Bangladesh is probably one of the last places in Asia you would expect to see a thriving beachside resort featuring luxury hotels.
The transformation of Cox’s Bazar from remote backwater to beach El Dorado— Bangladesh-style— encapsulates the changes that have taken place in this nation, and many other developing Asian countries, over the past decade or two.
And yet, Cox’s Bazar is exactly that— a place where affluent Bangladeshis go for a weekend of well-behaved, fully clad fun by the seaside. Come here during the high season, when the monsoon rains are not pounding the country, and you will find the beach filled with children and their watchful parents and with slightly dilapidated orange beach umbrellas.
About five years ago, there were only two or three high-end hotels in this small town on the Bay of Bengal. Now there are a dozen, and counting. Smaller hotels and guesthouses are proliferating, and property prices have risen sharply.
The transformation of Cox’s Bazar from remote backwater to beach El Dorado— Bangladesh-style— encapsulates the changes that have taken place in this nation of 160 million people, and many other developing Asian countries, over the past decade or two.
“A middle class is gradually forming,” said Zahid Hossain, principal economist at the Asian Development Bank in Dhaka, the capital of Bangladesh. It mirrors the developments that other emerging economies have been going through, he said. “Domestic demand is growing and becoming an important driver of economic activity.”
Progress, of course, has been uneven. As in other Asian countries, the gap between rich and poor has widened in Bangladesh, giving rise to social tensions and sometimes violent protests. The murder this month of Aminul Islam, a prominent labor rights activist, apparently in retaliation for his advocacy work, put a spotlight on the low wages and poor working conditions that prevail in burgeoning sectors like the garment industry.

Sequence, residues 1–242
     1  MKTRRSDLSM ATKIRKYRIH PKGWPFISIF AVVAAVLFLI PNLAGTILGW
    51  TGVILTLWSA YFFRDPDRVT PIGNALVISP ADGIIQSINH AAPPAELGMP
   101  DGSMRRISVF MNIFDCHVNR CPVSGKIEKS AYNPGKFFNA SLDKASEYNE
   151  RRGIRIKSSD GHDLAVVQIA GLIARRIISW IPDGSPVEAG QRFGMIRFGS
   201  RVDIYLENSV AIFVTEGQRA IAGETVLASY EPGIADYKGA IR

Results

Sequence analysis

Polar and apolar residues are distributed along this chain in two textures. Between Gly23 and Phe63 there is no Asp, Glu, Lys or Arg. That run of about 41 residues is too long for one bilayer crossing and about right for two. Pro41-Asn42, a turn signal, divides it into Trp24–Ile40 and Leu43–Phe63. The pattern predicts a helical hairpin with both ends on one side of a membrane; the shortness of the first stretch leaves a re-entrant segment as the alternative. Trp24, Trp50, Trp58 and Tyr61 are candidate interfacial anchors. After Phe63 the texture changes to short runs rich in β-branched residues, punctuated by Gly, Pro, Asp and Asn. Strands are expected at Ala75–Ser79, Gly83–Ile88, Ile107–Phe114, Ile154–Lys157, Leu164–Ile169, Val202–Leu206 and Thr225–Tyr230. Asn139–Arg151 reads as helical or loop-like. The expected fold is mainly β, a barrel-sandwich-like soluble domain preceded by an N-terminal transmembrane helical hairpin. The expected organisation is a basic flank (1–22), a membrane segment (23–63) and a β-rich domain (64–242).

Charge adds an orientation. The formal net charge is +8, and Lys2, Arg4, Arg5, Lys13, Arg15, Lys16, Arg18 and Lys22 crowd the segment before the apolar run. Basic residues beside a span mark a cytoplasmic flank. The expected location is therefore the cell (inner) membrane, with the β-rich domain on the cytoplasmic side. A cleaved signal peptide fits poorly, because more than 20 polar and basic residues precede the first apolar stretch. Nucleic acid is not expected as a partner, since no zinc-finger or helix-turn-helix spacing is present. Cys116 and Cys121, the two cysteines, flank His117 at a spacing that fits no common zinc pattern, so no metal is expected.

In Bangladesh’s countryside, home to more than 70 percent of the population, subsistence farming remains the norm, and weather-related disasters regularly wreak havoc in the pancake-flat lowlands.
Foreign direct investment in Bangladesh has languished at about $1 billion a year— less than what Albania or Belarus each receive, and about one-tenth of foreign investments in Thailand or Malaysia. Woefully inadequate power and transportation infrastructures, political infighting, bureaucracy, corruption and a shortage of skilled laborers contribute to a challenging investment climate.
Yet despite this, the Bangladeshi economy has managed to grow more than 6 percent a year for much of the past decade.
Economists at Standard Chartered believe that Bangladesh could join what it has dubbed the “7 percent club” of economies that expand at least 7 percent annually for an extended period— allowing their economies to double every decade. Current members of the “club” include China, Cambodia, India, Mozambique and Uganda.
HSBC, meanwhile, included Bangladesh in a group of 26 economies— along with China, India and several Latin American and African countries— where it expects to see particularly strong growth. The United States and much of Europe, by contrast, are likely to remain merely stable, according to HSBC's projections.
The gradual shift in global production to low-cost countries, from developed economies in Europe and North America, is driving much of that growth. The trend, which began turning parts of Asia— notably China— into manufacturing hubs in the 1980s and 1990s, has started to take root in Bangladesh.
For now, Bangladesh’s manufacturing prowess is primarily focused on the garment sector, which has grown into a multibillion-dollar business that employs 3.6 million people and accounts for 78 percent of the country’s exports.
Bangladesh has seen particularly strong growth in the past few years, in part because of rising labor costs in China, where manufacturing is moving into higher-margin activities like product design.